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Comparing Perceptual Noise in Rating Scales

Ennis, D. M. (2015). IFPress, 18(3) 3-4.



In the Southern District of New York in 2011, Church & Dwight Co. Inc. (C&D) sought a preliminary injunction barring The Clorox Company (Clorox) from continuing to air a commercial that implied that Clorox’s cat litter product was superior to C&D’s at eliminating cat waste malodor1 . This preliminary injunction was granted in early 2012. Among a number of legal and technical issues in the case was the implausibility that eleven trained panelists would report a score of zero in each of four replications to a previously sealed jar containing a carbon and cat waste sample. The rating instrument used was a 15-point malodor scale with 0.1 unit increments, effectively making it a 151-point scale and previous research from Clorox had shown that human subject ratings of cat litter with or without cat waste are quite variable. C&D argued that such a result is “highly implausible” given that the test used humans, which are known to be “noisy instruments” when it comes to olfactory perception. The court explained that this is because humans “for neurological reasons, perceive the exact same thing differently at different times and report the presence of olfactory stimuli even when they do not exist.”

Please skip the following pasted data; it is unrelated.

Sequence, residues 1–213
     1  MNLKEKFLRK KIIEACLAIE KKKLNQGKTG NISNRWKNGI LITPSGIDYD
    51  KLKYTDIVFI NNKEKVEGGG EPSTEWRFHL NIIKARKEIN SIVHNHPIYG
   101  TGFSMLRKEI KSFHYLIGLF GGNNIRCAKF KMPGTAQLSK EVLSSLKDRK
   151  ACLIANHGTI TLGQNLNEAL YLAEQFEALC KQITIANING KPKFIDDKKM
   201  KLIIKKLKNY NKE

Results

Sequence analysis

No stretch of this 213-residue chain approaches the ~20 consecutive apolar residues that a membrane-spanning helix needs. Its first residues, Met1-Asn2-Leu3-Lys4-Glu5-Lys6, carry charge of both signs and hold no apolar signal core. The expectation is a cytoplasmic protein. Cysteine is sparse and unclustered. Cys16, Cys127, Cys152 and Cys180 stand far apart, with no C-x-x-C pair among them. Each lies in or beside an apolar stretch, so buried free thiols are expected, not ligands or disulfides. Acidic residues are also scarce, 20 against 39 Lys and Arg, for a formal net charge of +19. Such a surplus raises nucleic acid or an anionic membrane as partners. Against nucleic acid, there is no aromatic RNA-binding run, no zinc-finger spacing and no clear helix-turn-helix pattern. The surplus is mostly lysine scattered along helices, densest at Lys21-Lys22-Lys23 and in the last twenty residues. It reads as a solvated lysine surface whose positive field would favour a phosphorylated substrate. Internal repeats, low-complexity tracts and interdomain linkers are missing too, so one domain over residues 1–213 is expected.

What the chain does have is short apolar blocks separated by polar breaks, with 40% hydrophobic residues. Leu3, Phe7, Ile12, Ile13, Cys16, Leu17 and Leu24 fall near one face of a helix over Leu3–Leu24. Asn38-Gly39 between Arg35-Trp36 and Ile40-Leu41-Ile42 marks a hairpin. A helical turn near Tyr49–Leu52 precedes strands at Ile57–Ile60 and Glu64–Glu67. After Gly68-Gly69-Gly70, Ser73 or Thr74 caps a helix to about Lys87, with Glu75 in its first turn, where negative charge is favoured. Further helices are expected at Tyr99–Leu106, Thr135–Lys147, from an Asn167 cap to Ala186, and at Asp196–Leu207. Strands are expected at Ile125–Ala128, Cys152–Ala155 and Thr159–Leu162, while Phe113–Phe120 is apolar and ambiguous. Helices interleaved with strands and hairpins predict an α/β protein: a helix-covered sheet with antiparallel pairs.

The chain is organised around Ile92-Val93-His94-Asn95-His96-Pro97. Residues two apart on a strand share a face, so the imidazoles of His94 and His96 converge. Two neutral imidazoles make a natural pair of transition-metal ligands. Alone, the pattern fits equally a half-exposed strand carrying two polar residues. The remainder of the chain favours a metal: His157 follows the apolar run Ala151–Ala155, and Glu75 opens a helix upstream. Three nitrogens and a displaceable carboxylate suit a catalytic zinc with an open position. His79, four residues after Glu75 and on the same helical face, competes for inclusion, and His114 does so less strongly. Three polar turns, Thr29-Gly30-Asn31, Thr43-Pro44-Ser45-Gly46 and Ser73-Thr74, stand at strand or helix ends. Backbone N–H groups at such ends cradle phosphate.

Figure 1. (A) Two perceptual distributions separated by one standard deviation, d = 1. (B)Two distributions centered on the same means, but separated by two standard deviations, = 2. The only difference between (A) and (B) is the size of the perceptual standard deviation.

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